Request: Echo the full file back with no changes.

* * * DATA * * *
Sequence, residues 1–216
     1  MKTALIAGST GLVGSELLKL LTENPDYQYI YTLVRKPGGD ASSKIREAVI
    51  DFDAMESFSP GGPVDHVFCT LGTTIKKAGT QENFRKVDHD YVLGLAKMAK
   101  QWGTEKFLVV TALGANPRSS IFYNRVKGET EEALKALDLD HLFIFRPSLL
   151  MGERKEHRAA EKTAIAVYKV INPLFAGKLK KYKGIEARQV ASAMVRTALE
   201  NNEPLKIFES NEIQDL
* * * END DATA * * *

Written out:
Sequence, residues 1–216
     1  MKTALIAGST GLVGSELLKL LTENPDYQYI YTLVRKPGGD ASSKIREAVI
    51  DFDAMESFSP GGPVDHVFCT LGTTIKKAGT QENFRKVDHD YVLGLAKMAK
   101  QWGTEKFLVV TALGANPRSS IFYNRVKGET EEALKALDLD HLFIFRPSLL
   151  MGERKEHRAA EKTAIAVYKV INPLFAGKLK KYKGIEARQV ASAMVRTALE
   201  NNEPLKIFES NEIQDL